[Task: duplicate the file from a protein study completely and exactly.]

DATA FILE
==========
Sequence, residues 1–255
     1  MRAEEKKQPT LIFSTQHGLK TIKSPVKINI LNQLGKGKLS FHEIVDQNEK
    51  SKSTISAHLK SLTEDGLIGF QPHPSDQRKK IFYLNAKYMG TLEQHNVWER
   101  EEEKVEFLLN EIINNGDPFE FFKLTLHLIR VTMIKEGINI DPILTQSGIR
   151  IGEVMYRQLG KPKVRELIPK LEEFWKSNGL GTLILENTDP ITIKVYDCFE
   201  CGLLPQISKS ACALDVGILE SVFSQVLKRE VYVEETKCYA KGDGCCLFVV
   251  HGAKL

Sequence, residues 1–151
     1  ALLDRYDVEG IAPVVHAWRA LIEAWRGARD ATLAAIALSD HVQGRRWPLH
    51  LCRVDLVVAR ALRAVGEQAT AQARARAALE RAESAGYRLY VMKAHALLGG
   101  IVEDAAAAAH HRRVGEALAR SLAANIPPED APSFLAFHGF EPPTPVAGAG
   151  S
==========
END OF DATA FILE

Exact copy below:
Sequence, residues 1–255
     1  MRAEEKKQPT LIFSTQHGLK TIKSPVKINI LNQLGKGKLS FHEIVDQNEK
    51  SKSTISAHLK SLTEDGLIGF QPHPSDQRKK IFYLNAKYMG TLEQHNVWER
   101  EEEKVEFLLN EIINNGDPFE FFKLTLHLIR VTMIKEGINI DPILTQSGIR
   151  IGEVMYRQLG KPKVRELIPK LEEFWKSNGL GTLILENTDP ITIKVYDCFE
   201  CGLLPQISKS ACALDVGILE SVFSQVLKRE VYVEETKCYA KGDGCCLFVV
   251  HGAKL

Sequence, residues 1–151
     1  ALLDRYDVEG IAPVVHAWRA LIEAWRGARD ATLAAIALSD HVQGRRWPLH
    51  LCRVDLVVAR ALRAVGEQAT AQARARAALE RAESAGYRLY VMKAHALLGG
   101  IVEDAAAAAH HRRVGEALAR SLAANIPPED APSFLAFHGF EPPTPVAGAG
   151  S